GOP Rep. Kevin Brady won’t seek reelection
Rep. Kevin Brady (Texas), the top Republican on the House Ways and Means Committee, announced Wednesday that he will not seek reelection next year after serving since 1997.
Brady is term-limited in his role as the top Republican on the powerful panel with jurisdiction over the tax code, meaning he wouldn’t be able to keep the position in the next session of Congress. He previously served as the committee’s chairman from 2015 to 2019, including while Republicans enacted their 2017 tax overhaul under former President Trump.
“This term, my 13th, will be the last,” Brady said during remarks before the Woodlands Area Chamber of Commerce Economic Outlook Conference.
He acknowledged that the House GOP’s internal rule limiting members to six consecutive years of committee leadership at a time played a role in his decision to retire.
“Did that factor in? Honestly, some,” Brady said.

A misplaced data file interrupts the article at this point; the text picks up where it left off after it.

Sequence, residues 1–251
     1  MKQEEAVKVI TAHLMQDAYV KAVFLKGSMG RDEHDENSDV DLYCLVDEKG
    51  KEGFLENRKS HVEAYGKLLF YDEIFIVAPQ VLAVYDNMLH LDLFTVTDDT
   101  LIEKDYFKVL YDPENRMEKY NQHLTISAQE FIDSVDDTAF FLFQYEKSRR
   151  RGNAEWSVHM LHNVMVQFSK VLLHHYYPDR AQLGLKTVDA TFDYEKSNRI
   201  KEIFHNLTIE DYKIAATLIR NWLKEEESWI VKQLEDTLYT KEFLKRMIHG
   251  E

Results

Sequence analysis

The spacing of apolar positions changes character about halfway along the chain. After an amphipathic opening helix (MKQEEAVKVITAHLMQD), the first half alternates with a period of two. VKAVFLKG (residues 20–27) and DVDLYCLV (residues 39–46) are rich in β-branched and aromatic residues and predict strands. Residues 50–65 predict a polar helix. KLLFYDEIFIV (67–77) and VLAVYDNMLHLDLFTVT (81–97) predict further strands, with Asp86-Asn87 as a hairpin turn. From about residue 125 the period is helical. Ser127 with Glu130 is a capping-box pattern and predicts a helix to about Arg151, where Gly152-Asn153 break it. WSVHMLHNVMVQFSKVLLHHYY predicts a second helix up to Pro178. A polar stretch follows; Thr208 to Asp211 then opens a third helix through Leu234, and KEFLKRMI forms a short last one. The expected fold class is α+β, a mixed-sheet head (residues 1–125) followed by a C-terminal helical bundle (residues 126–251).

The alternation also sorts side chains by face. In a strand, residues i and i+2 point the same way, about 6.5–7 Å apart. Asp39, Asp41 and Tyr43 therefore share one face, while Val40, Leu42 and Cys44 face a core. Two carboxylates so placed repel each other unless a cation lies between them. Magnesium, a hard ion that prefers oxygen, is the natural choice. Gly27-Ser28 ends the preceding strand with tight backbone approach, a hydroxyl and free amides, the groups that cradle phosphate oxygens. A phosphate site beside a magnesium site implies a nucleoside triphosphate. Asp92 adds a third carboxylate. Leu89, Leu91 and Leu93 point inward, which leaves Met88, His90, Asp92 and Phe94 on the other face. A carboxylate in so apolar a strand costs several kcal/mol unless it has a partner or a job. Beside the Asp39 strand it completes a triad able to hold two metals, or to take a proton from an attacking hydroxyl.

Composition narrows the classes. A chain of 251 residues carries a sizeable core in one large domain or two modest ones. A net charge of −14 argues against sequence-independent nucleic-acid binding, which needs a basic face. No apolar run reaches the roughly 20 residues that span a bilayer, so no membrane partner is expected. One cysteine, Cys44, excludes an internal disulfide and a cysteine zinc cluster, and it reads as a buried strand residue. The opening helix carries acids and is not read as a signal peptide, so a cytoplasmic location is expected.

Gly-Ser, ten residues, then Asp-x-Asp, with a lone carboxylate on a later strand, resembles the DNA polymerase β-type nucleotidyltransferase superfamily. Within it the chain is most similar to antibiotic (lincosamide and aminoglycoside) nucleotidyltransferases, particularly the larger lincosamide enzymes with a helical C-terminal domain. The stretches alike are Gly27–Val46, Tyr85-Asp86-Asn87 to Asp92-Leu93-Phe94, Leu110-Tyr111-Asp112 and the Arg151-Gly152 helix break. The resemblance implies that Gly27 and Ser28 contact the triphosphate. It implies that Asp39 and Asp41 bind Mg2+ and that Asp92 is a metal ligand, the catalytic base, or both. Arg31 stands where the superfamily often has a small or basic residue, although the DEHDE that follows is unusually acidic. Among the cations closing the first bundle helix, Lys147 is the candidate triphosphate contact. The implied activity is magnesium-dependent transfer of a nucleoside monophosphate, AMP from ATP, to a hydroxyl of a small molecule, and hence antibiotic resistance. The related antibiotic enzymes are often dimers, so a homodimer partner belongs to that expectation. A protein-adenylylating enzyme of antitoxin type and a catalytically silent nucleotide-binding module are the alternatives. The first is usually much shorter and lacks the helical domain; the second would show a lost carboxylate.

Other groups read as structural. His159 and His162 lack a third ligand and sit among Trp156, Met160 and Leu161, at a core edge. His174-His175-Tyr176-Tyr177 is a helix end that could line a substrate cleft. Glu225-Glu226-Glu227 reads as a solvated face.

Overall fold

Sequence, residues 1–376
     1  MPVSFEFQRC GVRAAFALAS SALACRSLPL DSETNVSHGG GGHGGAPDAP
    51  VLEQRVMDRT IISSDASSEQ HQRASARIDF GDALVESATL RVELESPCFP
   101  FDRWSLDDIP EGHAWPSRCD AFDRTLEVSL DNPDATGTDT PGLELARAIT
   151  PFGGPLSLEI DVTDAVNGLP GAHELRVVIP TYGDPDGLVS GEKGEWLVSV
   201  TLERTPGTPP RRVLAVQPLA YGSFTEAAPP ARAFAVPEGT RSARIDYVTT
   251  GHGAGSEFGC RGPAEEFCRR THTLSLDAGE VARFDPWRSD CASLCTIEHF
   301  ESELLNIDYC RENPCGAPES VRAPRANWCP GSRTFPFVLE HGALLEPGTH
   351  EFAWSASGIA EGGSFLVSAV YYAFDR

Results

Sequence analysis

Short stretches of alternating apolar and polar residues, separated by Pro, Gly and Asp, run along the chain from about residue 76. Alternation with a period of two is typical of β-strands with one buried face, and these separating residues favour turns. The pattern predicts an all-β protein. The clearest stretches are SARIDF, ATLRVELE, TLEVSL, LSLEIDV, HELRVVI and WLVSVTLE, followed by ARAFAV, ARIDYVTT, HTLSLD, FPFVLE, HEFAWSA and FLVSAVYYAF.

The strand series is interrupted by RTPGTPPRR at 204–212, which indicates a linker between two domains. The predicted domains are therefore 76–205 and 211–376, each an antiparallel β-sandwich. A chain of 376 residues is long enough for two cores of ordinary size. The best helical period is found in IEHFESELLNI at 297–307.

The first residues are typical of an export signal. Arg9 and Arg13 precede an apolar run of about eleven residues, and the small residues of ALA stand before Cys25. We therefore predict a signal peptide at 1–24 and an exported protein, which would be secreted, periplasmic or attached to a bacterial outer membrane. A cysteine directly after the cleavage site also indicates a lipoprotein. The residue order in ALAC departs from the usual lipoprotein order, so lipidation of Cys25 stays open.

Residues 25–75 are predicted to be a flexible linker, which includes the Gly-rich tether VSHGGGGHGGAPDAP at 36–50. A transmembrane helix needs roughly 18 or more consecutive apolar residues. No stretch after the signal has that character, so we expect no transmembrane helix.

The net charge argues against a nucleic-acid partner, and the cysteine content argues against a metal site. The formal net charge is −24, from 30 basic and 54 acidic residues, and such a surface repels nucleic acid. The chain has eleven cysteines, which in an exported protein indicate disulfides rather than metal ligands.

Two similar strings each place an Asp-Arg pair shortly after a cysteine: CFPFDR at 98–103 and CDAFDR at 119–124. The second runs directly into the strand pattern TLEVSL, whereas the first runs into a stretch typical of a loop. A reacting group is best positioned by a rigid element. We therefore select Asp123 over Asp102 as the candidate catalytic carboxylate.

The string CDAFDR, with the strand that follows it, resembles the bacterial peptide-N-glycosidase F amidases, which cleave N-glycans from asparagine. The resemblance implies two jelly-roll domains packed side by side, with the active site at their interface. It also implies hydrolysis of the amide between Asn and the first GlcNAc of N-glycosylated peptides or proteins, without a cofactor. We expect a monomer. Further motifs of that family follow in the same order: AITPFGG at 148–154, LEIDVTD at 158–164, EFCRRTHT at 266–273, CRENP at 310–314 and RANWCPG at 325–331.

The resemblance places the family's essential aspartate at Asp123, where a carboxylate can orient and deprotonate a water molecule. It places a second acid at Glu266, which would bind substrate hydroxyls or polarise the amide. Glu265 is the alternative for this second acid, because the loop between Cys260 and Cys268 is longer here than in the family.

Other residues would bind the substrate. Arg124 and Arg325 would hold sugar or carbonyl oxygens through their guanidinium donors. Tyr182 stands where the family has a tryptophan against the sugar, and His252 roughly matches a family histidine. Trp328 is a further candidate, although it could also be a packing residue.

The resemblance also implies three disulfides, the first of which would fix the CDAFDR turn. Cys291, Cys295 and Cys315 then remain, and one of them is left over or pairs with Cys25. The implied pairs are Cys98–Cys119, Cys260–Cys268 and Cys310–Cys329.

“But as I see it, our committee leader term limits ensure lawmakers who work hard and eﬀectively have the opportunity to lead, to bring fresh ideas to our committee work. In my view, it’s a good thing. And the great news is that our Ways and Means Committee is incredibly talented. I’m conﬁdent about its future,” he added.
Brady’s district outside Houston is a GOP stronghold and is not expected to become competitive for Democrats in next year’s midterm elections.
Brady’s retirement will set off a race among House Republicans for the coveted top slot on the House Ways and Means Committee. Rep. Devin Nunes (Calif.) is the next most senior Republican on the panel, followed by Reps. Vern Buchanan (Fla.) and Adrian Smith (Neb.).
Nunes currently serves as the top Republican on the House Intelligence Committee after previously serving as its chairman while Republicans held the House majority. Nunes would have to give up his Intelligence Committee post if he chose to run for the Ways and Means role.
The Hill has removed its comment section, as there are many other forums for readers to participate in the conversation. We invite you to join the discussion on Facebook and Twitter.